I am flattered that your ascribe so much cunning and planning to my career path, but again, you are simply off. If you want the simple answer (and I will at some point produce the VYou video response to the question you asked) – I was without question unable to stop using methamphetamine when I decided I had had enough. I tried, tried again, and tried some more. You are right that I needed a stronger impetus, but again as I argued last time, that tells me nothing about the underlying condition only about the pattern of treatment episodes.
As an answer to your replies to me:
- If only you had seen the others around me who lost livelihoods, health, and respect sue to their own drug use you would understand the pointless nature of calling me a ‘doer,’ whatever that means. What does it matter that I’m a doer? Are you saying that addiction only occurs in ‘doers’ or do you offer different explanations for why people use drugs and alcohol to their own detriment for every individual? At that point aren’t you simply avoiding the overarching question? What is it about drugs and alcohol that makes them such powerful providers of such outcomes? Alcohol is a legal drug and is the largest cause of the trouble you are speaking of, so are you blaming the drug was for alcohol-related problems as well? Would there be no more alcoholics if all drugs were legal and widely available?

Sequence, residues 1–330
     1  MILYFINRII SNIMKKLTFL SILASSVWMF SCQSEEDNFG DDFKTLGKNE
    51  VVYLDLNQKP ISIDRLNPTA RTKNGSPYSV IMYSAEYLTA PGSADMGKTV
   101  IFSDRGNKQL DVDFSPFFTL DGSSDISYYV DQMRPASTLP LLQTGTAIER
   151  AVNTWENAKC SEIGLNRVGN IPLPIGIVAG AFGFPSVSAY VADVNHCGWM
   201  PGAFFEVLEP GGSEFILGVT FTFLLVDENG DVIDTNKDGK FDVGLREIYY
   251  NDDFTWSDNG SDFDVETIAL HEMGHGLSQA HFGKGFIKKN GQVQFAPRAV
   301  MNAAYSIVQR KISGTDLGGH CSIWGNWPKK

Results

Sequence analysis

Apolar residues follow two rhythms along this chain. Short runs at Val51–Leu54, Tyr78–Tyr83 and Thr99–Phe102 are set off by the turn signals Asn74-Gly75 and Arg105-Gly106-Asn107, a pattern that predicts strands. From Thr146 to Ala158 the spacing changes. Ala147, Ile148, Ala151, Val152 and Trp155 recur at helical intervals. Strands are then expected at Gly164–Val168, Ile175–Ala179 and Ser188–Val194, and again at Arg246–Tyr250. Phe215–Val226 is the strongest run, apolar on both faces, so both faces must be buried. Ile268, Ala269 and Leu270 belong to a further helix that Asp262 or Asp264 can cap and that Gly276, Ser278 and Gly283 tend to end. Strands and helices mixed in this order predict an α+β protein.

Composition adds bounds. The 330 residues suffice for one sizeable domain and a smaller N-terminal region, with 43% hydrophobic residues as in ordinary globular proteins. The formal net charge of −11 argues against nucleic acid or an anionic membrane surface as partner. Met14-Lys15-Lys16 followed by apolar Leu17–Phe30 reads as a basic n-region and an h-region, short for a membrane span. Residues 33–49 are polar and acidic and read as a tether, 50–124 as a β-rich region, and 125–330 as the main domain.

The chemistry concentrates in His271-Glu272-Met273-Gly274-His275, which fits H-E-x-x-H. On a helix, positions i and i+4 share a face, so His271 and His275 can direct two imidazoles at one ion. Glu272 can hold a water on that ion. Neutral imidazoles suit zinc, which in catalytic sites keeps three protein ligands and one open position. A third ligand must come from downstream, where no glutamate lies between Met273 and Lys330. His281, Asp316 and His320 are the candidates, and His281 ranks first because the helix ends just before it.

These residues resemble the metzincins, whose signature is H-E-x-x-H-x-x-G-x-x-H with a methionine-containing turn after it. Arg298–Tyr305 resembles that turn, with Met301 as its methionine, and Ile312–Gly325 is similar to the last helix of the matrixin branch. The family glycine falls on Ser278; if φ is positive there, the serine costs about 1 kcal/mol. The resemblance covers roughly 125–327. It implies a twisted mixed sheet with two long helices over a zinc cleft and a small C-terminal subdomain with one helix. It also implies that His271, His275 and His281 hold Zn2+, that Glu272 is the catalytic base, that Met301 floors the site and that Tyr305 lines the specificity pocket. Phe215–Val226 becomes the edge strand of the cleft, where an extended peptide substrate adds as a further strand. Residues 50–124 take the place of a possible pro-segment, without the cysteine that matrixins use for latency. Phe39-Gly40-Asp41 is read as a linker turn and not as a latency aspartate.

- Again, the real reason I went into treatment was because when I wasn’t in it it didn’t matter that I was facing 18 years in prison. I smoked meth every day the entire two weeks after I was kicked out of my first rehab. I went into treatment because I realized that if I didn’t I would be unable to stop using and end up in jail, or homeless, or worse. You can try to give me all the credit in the world but the bottom line is that at the time I didn’t know how to live on my won without using and it didn’t really matter where I was sleeping – I didn’t like that but I couldn’t stop it. And btw, insurance had nothing to do with my treatment so I’m not sure where you pulled that from.
As to your final point – that I either have the addiction disease or not (am cured). Again, why decide to focus on the useless dichotomies that have plagued this discussion for decade? Have you not heard of diseases that can be cured? Have you not heard of conditions in remission? Is it inconceivable that a person could be suffering from something that no longer makes them suffer at a different point in time? Why is it not possible for both a) a disorder to exist that is characterized by troublesome and reduced-control (or uncontrolled) over substance use and b) cases in which that disorder is resolved either completely or partially. I think that this continuum way of thinking about substance use disorders make a hell of a lot more sense than having to choose between two options that make no sense.
Thanks again for the reply. I’m glad you can admit your addiction is cured or at least in remission. It will give hope to millions of suffering addicts out there who are desperate and hopeless, struggling every day to control their intense cravings for their drug of choice. I also admire your courage for taking this controversial position. (Most addiction experts will say it can never be cured, and ‘remission’ is only a prologue to relapse.) This is progress.